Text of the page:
What an adventure. I don’t get car sick easily but I do get car sick if it’s bad enough. I think 792 bends would have done it. Switching topic, the food looks delicious and the white buddha is really brilliant white and beautiful.

    March 19, 2023 - 10:29 pm Reply
    • Leighton

      Hey Thomas, it’s great to hear from you! Yes, I reckon 792 bends would test even the steeliest of stomachs. Thanks for reading my article about Pai and leaving a comment. Always appreciated!

      March 19, 2023 - 10:31 pm Reply
  • qprgary

    Sorry mate I got as far as the pineapple and barbecue sauce concoction before those bends caused a regurgitation

    March 19, 2023 - 11:26 pm Reply
    • Leighton

      Oh dear, hope you got everything cleaned up ok!

      March 19, 2023 - 11:32 pm Reply
  • Little Miss Traveller

    What a great title for the post Leighton and your accommodation looked really pretty from the outside even if it was basic inside. The other cottages and barns looked beautiful too and I was surprised that the Buddha was so modern.

    March 19, 2023 - 11:58 pm Reply
    • Leighton

      Thanks Marion, Pai is such a pretty and distinctive place. I was lucky to see the White Buddha when it was still sparkling new. I guess it is already somewhat weathered after eight years of burning and sun and epic Thai rains.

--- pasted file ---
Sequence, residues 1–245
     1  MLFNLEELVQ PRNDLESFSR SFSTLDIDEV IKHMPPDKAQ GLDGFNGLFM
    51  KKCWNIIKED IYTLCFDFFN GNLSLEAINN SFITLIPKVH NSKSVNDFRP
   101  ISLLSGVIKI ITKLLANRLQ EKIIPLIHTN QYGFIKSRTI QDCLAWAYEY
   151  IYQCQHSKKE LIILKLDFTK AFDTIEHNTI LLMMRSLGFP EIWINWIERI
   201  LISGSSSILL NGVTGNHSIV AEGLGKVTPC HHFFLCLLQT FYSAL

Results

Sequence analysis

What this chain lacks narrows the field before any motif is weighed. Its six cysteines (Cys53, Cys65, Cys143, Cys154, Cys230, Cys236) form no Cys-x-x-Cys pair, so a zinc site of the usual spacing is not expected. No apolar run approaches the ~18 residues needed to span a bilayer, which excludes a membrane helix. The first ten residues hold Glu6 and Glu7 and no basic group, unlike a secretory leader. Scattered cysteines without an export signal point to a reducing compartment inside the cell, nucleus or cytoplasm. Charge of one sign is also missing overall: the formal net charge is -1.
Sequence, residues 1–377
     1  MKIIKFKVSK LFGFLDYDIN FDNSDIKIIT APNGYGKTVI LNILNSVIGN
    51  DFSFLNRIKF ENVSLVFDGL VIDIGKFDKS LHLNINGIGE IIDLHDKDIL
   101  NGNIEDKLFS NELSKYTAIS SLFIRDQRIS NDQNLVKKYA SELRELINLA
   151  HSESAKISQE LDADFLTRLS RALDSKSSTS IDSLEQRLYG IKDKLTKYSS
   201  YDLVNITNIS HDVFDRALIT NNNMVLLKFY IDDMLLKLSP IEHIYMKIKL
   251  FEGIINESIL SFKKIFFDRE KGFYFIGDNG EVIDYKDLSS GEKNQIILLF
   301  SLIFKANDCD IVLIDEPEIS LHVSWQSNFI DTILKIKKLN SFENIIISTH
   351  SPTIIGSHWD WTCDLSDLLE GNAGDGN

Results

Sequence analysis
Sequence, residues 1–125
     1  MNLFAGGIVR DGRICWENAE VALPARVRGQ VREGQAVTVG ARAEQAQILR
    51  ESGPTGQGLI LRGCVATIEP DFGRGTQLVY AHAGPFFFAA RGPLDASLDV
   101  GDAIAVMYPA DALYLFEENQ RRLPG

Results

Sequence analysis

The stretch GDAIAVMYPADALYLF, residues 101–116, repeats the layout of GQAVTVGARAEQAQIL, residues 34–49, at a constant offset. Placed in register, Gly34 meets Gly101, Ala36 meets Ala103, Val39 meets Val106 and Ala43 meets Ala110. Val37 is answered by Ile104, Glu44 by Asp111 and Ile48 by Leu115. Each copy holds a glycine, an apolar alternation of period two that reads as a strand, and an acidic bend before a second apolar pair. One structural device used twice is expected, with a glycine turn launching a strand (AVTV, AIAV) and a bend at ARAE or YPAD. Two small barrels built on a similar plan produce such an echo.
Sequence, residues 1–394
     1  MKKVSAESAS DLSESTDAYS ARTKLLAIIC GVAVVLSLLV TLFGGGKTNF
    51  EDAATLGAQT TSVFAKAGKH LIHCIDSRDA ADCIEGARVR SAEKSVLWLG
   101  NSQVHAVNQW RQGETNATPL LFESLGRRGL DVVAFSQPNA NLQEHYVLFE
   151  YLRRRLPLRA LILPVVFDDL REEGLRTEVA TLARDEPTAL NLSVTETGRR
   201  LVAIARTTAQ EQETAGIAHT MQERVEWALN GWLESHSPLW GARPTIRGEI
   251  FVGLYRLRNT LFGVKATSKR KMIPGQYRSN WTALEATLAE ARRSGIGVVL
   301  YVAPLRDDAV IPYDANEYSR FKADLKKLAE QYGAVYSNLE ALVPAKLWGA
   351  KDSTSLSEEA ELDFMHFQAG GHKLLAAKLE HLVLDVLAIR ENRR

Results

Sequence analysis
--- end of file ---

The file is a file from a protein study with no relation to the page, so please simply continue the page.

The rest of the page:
March 20, 2023 - 9:05 am Reply
  • Travels Through My Lens

    What a beautiful location, and the photo of the white Buddha nestled in the trees is stunning. I enjoyed reading about your adventures, new friends, nail-biting hikes, and delicious looking food in this entertaining post.

    March 20, 2023 - 5:50 am Reply
    • Leighton

      Thanks so much Tricia. Pai had a bit of everything, if only we could have found that waterfall. Now there’s a reason to go back 😉

      March 20, 2023 - 9:06 am Reply
  • WanderingCanadians

    The drive to Pai sounds like quite the adventure with all those twists, turns and bends in the road. I totally get that you were feeling a bit queasy! It sounds like it was worth it though as Pai looks so beautiful and lush. I love the views from the White Buddha. It’s too bad the temple was closed though. The trail to Pai Canyon looks a bit dodgy. I probably would have preferred hiking in the heat to dealing with the crowds too, especially given the narrow path without any guardrails.

    March 20, 2023 - 1:13 pm Reply
    • Leighton

      Ha, I had a feeling you would also be on the “gimme the heat” side of things. Not that many would agree with us, I reckon. Thanks for reading about my days exploring in Pai!

      March 20, 2023 - 8:24 pm Reply
  • grandmisadventures